JOPLIN, Mo. —
Finally, they believe me.
Since shortly after we arrived in St. Augustine, Fla., I have been trying to tell my wife and our 15-year-old daughter about the aliens.
“We don’t believe you,” my wife and Emma would say. But I knew the truth. I knew that all of the old people from St. Augustine had been kidnapped and replaced by alien old people from Ontario, Canada.
We were in St. Augustine for spring break. We picked St. Augustine because it’s not a college spring break destination. My wife and I didn’t want to go somewhere where we could see college students throw up on each other. We’re funny that way.
What we didn’t know is that St. Augustine, at least in March, is populated entirely by old people. How old? So old that I was called a “young whippersnapper” at least four times. So old that at least two guys where we were staying referred to our rental car as a “horseless carriage.”
When I shopped at the St. Augustine Winn-Dixie, the bag boys were old guys. So was the clerk at the convenience store where I bought a paper each morning. From what I could tell, the average age of the people in St. Augustine was 87.3, and most of their Social Security cards only had two digits on them.
At first, things seemed normal. All of the old people we ran into on the beach were very active and very friendly. All day long the old people walked up and down the beach. Every once in a while a group of old people would gather and start talking. They would turn around and look at Emma, my wife and me, and then they would start talking to each other again.
“I think they’re talking about us,” I said.
“You’re crazy,“ my wife said.
Later, an old man approached my wife and me.
“Hi,” he said.
I said “hi” back, and then the old guy pointed to the beer in my hand.
“A word of warning,” he said. “They frown on that around here. They will make you pour it out, and they will give you a ticket.”
I thanked the guy and he moved on down the beach looking for more young whippersnappers. At first I thought by “they” the old guy meant the St. Augustine police. But then I realized he meant the aliens from Ontario.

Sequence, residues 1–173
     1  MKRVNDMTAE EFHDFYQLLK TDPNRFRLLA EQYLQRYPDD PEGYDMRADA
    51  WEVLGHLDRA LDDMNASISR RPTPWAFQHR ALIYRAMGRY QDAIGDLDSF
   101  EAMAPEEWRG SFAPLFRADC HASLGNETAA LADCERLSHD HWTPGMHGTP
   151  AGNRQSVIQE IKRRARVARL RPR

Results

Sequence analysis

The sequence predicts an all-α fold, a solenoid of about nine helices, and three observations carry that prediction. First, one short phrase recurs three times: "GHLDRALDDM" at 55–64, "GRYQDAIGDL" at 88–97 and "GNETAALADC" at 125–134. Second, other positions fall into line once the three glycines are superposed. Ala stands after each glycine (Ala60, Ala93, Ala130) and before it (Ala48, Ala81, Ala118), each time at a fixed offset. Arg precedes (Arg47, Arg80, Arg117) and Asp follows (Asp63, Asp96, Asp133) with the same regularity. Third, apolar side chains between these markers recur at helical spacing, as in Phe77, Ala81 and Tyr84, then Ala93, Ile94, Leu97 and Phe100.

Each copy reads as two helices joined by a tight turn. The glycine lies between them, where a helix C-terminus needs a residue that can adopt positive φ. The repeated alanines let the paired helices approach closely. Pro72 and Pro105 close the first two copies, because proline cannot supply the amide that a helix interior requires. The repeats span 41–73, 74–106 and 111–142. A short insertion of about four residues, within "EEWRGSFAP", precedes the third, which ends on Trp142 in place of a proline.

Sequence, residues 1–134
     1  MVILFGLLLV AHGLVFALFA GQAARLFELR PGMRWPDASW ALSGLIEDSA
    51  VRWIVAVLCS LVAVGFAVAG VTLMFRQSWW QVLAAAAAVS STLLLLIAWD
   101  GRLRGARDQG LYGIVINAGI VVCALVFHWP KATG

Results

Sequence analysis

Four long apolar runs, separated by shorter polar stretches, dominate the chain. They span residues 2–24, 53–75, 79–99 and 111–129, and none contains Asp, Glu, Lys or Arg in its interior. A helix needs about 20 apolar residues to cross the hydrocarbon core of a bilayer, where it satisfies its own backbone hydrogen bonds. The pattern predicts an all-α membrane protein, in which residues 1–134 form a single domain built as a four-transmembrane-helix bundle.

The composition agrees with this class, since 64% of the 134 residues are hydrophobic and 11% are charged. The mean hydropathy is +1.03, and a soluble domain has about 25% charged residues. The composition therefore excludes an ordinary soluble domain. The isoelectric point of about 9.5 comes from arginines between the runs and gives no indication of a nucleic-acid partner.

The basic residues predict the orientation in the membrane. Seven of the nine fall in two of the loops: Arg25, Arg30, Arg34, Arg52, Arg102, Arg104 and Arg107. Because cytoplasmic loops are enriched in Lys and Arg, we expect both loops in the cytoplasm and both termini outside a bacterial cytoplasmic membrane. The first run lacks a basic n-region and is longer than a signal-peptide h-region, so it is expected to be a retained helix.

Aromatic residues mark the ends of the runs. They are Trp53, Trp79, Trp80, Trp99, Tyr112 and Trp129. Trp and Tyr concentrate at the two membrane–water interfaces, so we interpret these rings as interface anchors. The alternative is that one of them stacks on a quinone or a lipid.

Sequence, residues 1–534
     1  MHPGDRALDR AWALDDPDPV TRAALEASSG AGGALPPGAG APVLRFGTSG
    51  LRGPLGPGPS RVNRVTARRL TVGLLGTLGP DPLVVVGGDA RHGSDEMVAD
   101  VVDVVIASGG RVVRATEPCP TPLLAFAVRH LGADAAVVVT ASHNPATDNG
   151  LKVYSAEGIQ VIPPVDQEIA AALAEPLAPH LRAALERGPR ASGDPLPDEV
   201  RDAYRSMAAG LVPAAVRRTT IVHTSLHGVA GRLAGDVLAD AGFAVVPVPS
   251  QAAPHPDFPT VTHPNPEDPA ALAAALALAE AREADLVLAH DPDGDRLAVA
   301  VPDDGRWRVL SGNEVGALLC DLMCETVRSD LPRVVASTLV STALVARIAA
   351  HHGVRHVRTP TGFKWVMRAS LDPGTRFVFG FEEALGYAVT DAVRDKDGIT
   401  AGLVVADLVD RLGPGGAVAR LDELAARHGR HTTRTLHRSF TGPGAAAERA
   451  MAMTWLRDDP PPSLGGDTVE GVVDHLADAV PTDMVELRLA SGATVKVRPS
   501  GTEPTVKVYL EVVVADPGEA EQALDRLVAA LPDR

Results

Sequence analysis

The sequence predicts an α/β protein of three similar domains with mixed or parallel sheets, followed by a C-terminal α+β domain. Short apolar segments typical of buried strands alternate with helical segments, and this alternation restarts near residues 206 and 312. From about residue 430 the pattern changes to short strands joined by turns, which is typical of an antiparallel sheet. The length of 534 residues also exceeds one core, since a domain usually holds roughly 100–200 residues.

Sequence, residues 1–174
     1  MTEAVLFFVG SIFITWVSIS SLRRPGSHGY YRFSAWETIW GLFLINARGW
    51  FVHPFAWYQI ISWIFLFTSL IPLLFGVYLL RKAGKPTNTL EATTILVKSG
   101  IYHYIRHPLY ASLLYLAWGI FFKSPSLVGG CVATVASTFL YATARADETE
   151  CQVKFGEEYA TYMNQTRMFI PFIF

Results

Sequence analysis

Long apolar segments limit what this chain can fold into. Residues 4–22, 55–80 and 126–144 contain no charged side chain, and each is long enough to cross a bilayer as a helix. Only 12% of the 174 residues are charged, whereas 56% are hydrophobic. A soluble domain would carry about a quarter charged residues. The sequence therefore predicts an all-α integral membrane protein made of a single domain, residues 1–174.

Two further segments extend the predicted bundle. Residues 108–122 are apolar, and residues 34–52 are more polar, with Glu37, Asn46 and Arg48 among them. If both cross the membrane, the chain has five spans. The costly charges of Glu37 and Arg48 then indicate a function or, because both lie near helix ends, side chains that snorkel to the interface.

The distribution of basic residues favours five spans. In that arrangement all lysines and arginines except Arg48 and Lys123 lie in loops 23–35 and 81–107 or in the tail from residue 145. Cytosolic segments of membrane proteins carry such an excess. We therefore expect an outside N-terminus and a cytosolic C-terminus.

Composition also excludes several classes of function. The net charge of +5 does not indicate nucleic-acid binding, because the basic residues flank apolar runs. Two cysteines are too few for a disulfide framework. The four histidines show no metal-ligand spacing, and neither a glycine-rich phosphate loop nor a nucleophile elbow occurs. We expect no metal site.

I decided the aliens had to be from Ontario because I saw at least 10 cars with Ontario license plates in the parking lot of the complex where we were staying.
When I told my wife about the license plates, she laughed.
“Emma, your dad thinks we are surrounded by aliens from Ontario,” she said.
“You won’t be laughing when you’re forced to have universal health care and go to hockey games,” I said.
My wife laughed again.
On Thursday morning we stopped in a Starbucks to get some coffee. A young guy was working behind the register.
“Do you know about the aliens?” I asked him.
He looked at me like I was crazy. Then he asked my name, wrote it on a coffee cup and handed it to someone next to him.
“They’re trying to tell me something,” I said.
“They’re trying to tell you that you’re crazy,” my wife said.
Later, in the parking lot, a guy who was loading his car next to ours stopped to let my wife pass so she could get into our car. My wife chatted with the guy for a second, and he recommended a nice place to eat.
“Everyone here is so friendly,” my wife said.
“That’s because they’re aliens,” I said.
My wife laughed and then, all of a sudden, she stopped laughing and started screaming.
“Mike. Look at his car tags. He’s from Ontario!” my wife shouted.
I would tell you more, but I’ve got to stop typing. The hockey game is on.
Do you have an idea for Mike Pound’s column? Call him at 417-623-3480, ext. 7259, or email him at email@example.com. Follow him on Twitter @mikepoundglobe.
JOPLIN, Mo. —
Finally, they believe me.
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